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I have a project that must be compiled and run in 64 bit mode. Unfortunately, I am required to call upon a DLL that is only available in 32 bit mode, so there's no way I can house everything in a 1 Visual Studio project. I am working to find the best way to wrap the 32 bit DLL in its own exe/service and issue remote (although on the same machine) calls to that exe/service from my 64 bit app. My OS is Win7 Pro 64 bit.

The required calls to this 32 bit process are several dozen per second, but low data volume. This is a realtime image analysis application so response time is critical despite low volume. Lots of sending/receiving single primitives.

Ideally, I would host a WCF service to house this DLL, but in a 64 bit OS one cannot force the service to run as x86! Source. That is really unfortunate since I timed function calls to the WCF service to be only 4ms on my machine.

I have experimented with named pipes is .net. I found them to be 40-50 times slower than WCF (unusable for me).

Any other options or suggestions for the best way to approach my puzzle?

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See this answer for a more comprehensive list of techniques for accessing 32-bit DLLs from 64-bit applications. –  cdiggins Oct 17 '12 at 15:51

2 Answers 2

up vote 6 down vote accepted

As you correctly note, there is no way to mix bitness in the same process. You need a separate process for your 32-bit part.

I think hosting a WCF Service is the right way to go. Your link only talks about wcfsvchost. I am pretty sure you can create your own Windows Service, and host the WCF service in that on 32 bit.

See this link: How to host a WCF service in a managed application. You can host your service in any managed application, including a Windows Service, and run it under the bitness you like.

This is the amount of code required to self-host a WCF service in your application, assuming you have just created a new service called MyService, and the appropiate configuration has been added to app.config:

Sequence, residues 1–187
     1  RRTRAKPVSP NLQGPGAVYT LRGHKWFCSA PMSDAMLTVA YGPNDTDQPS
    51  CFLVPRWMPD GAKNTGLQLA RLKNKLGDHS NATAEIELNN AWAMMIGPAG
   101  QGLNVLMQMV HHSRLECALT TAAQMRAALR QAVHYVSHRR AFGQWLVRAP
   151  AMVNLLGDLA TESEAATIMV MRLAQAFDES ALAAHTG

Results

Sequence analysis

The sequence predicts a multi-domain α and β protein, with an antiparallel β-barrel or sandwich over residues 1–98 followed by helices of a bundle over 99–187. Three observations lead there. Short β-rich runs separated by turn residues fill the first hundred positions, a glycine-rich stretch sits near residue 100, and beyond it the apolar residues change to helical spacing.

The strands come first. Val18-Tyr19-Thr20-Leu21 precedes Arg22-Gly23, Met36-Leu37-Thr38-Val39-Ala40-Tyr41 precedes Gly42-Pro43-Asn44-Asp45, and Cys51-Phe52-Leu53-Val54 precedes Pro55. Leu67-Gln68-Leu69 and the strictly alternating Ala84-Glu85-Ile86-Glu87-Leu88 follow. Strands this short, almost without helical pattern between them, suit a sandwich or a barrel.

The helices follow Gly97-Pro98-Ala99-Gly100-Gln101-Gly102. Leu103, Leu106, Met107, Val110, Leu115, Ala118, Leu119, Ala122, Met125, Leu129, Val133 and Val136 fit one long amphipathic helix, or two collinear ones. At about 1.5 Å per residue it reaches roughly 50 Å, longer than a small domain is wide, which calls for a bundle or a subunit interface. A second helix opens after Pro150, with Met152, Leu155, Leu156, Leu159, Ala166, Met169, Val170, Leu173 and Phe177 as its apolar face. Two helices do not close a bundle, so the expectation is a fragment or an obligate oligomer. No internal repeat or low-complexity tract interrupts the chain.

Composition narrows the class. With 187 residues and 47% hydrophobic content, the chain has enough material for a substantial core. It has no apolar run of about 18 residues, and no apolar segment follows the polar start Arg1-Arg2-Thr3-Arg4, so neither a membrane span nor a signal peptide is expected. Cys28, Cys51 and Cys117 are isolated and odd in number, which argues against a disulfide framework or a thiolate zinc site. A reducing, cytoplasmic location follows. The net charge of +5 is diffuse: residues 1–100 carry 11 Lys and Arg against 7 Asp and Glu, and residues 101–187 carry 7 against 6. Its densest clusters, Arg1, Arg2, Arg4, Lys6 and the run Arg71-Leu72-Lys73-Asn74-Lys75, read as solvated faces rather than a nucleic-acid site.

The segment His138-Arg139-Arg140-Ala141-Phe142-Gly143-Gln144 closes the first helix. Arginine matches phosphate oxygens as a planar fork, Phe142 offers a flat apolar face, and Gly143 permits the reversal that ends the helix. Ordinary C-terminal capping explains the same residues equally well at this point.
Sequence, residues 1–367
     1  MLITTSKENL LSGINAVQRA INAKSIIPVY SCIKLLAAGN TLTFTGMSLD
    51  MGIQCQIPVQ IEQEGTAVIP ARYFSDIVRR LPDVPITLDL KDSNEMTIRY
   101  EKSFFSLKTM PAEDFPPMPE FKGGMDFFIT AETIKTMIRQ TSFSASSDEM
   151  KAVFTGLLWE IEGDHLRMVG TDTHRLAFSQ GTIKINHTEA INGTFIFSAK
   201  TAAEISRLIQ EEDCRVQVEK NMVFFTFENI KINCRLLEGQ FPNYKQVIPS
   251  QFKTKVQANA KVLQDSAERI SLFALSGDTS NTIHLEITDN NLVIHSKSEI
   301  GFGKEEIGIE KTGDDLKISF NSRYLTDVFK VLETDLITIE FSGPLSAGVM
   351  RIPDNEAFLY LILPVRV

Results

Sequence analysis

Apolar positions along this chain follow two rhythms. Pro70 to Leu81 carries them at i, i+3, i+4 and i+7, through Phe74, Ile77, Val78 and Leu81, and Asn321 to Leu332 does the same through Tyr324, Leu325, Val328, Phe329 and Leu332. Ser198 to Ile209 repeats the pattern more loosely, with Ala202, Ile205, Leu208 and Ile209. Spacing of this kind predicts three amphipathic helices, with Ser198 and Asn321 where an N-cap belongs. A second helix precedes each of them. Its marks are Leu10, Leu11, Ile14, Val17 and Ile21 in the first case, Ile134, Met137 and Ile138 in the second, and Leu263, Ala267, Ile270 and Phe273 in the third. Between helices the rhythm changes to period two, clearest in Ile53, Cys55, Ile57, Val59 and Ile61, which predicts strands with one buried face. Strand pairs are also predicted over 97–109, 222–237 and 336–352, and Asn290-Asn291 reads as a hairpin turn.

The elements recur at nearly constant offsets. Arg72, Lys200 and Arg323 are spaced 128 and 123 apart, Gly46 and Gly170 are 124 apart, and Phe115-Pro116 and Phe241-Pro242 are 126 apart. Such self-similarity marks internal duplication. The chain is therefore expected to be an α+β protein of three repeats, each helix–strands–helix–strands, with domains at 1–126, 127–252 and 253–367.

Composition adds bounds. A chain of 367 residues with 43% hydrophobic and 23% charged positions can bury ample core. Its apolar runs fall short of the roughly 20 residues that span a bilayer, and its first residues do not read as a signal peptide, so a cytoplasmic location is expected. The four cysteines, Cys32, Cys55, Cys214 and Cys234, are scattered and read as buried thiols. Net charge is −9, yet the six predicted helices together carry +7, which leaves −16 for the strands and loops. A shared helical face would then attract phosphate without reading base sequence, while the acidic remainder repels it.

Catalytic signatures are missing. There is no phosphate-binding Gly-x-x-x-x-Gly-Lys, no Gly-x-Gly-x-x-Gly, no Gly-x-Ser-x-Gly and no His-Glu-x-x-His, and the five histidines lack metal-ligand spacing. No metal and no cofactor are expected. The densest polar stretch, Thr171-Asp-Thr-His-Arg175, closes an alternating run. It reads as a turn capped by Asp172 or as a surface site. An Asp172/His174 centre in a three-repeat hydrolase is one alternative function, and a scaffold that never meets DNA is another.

class Program
{
    static void Main(string[] args)
    {
        using(ServiceHost host = new ServiceHost(typeof(MyService), new Uri[0]))
        {
            host.Open();
            Console.ReadKey();    
        }
    }
}

The above program will run just as well, also if you compile it explicitly as 32 or 64 bit.

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Could you please elaborate a little bit? I see I can create a 32 bit Windows Service, how would I go about creating a WCF service to do the I/O for my 32 bit Windows Service? –  bufferz May 10 '10 at 17:33
    
Thanks driis! I was not aware you could host WCF services manually from an application. This is a much better solution than one I thought I would end up using. raises fist in the air –  bufferz May 10 '10 at 17:51
    
Oh, and just in case you run into security problems, here's a link: blogs.msdn.com/amitlale/archive/2007/01/29/… –  driis May 10 '10 at 17:53

None. Point. 32 bit dll in 64 bit process = no go.

What I do is run a 32 bit wrapper process and communicate with it using WCF - much like you do. I can force the OS to run 32 bit.

I have a core library (Tradex.Connectivity.Core), with the platform independant .NET code. I have two wrappers (Wrapper32.exe, Wapper64.exe) that start and load the independent code and then load the class (managed C++). Works like a charm.

THat pretty much is the only way for me - you can not crss load 32 and 64 bit elements.

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"WHat I do is run a 32 bit wrapper process and communicate with it using WCF - much like you do. I can force the OS to run 32 bit." How did you manage to get your WCF service to run in 32 bit mode on a 64 bit OS? Setting the platform target to x86 throws BadImageFormatException and I haven't been able to research a way around this. –  bufferz May 10 '10 at 17:31
    
Why do I care? I mean, WCF is network based anyway. Once the stuff is serialized, there is no 32 or 64 bit mode anymore. Oh, and I self-host - no wcfsvdhost, I start my own hosting in my exe. Only a couple of lines of code. –  TomTom May 10 '10 at 17:36
    
Thanks TomTom, I did not know you could self host WCF elements outside of WCF template projects. Since you asked "why do I care?" I must point out that I literally could not compile a 32 bit WCF template project that wrapped a 32 bit DLL. Just the template though, self hosting works. thanks again. –  bufferz May 10 '10 at 17:54

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